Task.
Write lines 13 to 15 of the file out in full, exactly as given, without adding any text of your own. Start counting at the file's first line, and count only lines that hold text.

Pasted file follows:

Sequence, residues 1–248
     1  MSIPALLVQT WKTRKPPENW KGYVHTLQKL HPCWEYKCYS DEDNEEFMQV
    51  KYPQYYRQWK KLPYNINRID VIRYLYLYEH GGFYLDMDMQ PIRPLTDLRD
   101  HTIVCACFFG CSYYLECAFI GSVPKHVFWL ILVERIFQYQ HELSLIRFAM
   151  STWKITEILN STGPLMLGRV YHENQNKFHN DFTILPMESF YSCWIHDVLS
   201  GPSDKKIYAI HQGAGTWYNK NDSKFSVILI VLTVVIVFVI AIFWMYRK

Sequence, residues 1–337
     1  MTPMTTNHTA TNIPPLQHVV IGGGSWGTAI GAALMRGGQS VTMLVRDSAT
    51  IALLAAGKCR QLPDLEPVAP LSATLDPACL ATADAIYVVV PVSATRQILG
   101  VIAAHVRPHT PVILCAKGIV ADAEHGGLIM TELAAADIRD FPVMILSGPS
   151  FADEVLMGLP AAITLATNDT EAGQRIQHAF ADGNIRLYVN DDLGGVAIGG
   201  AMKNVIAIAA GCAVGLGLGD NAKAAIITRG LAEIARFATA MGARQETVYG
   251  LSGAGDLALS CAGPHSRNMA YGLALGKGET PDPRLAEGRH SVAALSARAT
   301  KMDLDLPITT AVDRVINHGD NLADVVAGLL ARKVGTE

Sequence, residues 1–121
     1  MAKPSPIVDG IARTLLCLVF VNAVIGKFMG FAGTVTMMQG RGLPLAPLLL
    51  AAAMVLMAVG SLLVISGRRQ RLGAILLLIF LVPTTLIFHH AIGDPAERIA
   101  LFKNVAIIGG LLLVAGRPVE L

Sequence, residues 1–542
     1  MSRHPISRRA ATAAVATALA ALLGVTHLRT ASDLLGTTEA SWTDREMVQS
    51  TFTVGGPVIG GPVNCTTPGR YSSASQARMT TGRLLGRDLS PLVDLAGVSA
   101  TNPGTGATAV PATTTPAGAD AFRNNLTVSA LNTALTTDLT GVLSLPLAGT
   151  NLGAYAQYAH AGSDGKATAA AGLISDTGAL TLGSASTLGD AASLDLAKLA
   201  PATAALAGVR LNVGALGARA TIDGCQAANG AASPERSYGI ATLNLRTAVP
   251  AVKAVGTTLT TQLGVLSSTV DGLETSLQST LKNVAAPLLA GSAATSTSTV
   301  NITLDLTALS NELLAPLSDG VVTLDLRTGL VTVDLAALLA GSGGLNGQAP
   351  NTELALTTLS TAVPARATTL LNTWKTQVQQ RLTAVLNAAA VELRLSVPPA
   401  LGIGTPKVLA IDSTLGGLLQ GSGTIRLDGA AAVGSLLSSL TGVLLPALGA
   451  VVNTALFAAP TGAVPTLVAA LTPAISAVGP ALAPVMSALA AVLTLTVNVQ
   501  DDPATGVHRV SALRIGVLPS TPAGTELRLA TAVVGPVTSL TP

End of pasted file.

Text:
   251  LSGAGDLALS CAGPHSRNMA YGLALGKGET PDPRLAEGRH SVAALSARAT
   301  KMDLDLPITT AVDRVINHGD NLADVVAGLL ARKVGTE

Sequence, residues 1–121